A serious problem (not mentioned in the Mongoose-Canine Letter) that emerged in the early 1970s was the ‘so-called Tibetan conspiracy organised by the Dalai Lama’s brother’ [Gyalo Dondrub or Thondup] to overthrow the government of Bhutan.311
Between four and six thousand Tibetan refugees chose to settle in this tiny country, which is geographically similar and ethnically and culturally related to Tibet. At first these Tibetans were warmly received, but in 1973 more than thirty people, twenty-two of them prominent Tibetan refugees, were arrested by the Bhutanese authorities in response to an alleged plot to assassinate the young Bhutanese king, just months before his official coronation. Among those arrested was the Dalai Lama’s personal representative in Bhutan, Lhading.312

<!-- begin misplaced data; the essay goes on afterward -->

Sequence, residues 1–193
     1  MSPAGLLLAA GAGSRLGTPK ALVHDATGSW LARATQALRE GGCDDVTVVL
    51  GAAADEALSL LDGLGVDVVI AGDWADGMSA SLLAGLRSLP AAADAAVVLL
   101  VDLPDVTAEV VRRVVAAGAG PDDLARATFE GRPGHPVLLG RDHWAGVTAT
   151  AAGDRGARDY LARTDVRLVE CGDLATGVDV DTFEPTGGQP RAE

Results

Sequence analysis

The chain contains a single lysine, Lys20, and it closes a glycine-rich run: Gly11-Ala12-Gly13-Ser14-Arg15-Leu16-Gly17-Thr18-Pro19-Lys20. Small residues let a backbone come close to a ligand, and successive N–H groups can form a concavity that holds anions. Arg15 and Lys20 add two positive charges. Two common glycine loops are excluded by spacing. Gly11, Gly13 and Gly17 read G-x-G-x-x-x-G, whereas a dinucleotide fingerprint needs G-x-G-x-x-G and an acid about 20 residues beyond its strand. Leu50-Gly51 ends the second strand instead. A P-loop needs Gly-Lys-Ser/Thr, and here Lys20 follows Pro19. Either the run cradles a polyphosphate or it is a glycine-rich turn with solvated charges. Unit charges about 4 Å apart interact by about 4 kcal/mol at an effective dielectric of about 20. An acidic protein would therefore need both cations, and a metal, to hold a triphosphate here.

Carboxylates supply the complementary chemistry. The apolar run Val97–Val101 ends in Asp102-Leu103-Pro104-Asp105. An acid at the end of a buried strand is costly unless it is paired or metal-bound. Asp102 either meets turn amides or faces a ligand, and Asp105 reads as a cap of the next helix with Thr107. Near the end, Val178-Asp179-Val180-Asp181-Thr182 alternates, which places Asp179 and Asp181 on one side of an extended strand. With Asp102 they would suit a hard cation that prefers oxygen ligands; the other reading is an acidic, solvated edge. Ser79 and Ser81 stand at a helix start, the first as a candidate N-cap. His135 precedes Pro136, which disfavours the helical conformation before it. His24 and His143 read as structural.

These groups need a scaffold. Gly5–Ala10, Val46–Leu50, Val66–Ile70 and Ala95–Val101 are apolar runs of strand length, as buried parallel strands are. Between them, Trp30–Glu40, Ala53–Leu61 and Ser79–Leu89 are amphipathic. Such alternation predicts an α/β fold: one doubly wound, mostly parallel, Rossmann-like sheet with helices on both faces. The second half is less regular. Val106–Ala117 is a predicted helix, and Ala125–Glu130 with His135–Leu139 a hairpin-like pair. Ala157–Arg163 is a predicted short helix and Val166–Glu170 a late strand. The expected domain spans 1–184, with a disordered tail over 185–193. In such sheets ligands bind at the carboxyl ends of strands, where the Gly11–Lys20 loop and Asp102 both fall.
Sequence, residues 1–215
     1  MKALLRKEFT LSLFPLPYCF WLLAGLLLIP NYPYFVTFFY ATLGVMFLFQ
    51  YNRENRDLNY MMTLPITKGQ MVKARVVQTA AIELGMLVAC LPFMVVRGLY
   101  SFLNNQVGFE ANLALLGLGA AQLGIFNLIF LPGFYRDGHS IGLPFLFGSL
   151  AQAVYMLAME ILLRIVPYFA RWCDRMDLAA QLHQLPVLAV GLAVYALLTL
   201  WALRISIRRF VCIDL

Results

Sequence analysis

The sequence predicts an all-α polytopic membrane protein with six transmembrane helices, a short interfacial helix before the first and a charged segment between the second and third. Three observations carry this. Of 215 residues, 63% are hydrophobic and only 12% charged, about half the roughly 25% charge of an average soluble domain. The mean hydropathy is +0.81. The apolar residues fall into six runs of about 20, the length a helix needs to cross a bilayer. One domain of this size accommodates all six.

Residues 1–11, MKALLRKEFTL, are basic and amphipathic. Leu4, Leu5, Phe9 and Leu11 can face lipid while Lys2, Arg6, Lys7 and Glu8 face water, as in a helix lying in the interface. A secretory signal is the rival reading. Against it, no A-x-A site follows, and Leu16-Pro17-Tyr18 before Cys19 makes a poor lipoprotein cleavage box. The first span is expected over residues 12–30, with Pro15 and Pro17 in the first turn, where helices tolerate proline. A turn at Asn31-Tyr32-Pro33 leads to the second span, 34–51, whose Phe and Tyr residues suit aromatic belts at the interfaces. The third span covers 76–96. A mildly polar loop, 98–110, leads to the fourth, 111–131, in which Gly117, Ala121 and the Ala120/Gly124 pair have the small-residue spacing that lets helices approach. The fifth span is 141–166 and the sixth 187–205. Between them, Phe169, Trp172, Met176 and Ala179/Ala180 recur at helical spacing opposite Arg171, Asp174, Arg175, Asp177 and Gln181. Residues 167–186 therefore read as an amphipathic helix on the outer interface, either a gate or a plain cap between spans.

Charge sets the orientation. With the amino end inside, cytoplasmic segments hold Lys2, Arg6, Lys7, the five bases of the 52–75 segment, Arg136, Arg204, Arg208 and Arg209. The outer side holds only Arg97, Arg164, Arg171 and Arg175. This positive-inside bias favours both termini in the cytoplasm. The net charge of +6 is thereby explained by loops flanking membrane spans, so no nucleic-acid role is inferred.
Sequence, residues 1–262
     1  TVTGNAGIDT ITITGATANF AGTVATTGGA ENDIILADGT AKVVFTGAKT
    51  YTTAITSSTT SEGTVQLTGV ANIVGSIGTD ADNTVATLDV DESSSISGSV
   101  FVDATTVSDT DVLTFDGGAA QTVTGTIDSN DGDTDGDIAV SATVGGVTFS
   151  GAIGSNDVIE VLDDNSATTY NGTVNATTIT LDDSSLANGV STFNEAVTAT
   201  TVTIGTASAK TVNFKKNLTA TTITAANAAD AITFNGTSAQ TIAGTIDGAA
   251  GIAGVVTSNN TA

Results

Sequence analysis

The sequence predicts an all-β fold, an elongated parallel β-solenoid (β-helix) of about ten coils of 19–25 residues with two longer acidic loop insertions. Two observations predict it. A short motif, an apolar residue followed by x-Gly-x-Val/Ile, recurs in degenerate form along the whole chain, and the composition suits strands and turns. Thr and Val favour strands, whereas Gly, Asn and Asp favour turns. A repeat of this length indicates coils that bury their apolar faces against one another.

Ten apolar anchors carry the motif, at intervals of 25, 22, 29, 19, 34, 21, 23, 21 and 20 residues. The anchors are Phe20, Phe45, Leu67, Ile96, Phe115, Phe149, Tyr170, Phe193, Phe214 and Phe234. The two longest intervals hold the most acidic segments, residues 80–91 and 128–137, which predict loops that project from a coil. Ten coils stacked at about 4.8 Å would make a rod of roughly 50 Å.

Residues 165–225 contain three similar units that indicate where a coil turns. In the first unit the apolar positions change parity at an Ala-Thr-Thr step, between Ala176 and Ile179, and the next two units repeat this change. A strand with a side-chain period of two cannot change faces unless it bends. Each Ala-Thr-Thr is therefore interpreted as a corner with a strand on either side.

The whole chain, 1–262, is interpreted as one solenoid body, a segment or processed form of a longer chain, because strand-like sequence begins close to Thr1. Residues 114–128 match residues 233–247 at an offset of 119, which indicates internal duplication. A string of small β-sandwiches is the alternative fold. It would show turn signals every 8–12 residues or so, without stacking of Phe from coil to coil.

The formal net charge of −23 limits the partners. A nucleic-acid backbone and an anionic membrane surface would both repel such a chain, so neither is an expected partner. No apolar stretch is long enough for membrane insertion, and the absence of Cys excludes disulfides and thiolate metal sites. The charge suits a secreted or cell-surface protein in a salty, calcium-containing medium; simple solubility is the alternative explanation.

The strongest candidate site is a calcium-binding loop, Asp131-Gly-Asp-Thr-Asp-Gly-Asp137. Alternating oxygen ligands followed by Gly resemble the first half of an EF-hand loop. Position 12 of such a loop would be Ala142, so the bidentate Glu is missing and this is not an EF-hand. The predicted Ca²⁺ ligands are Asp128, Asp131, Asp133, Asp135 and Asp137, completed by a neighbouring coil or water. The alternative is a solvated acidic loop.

Derek Davies, reporting in the Far Eastern Economic Review, writes that behind the group that planned the assassination:
‘ …is alleged to be the sinister figure of the Dalai Lama’s brother, Gyalo Thondup, who runs a well-funded Tibetan refugee group in Darjeeling, India. It is reliably reported that the group mounts raids across the Himalayan valleys via Sikkim into the Chinese province of Tibet.’313
With the involvement of both Gyalo Dondrub and the Dalai Lama’s own personal representative in this attempted coup, is it not reasonable to ask what role did the Dalai Lama himself play in it?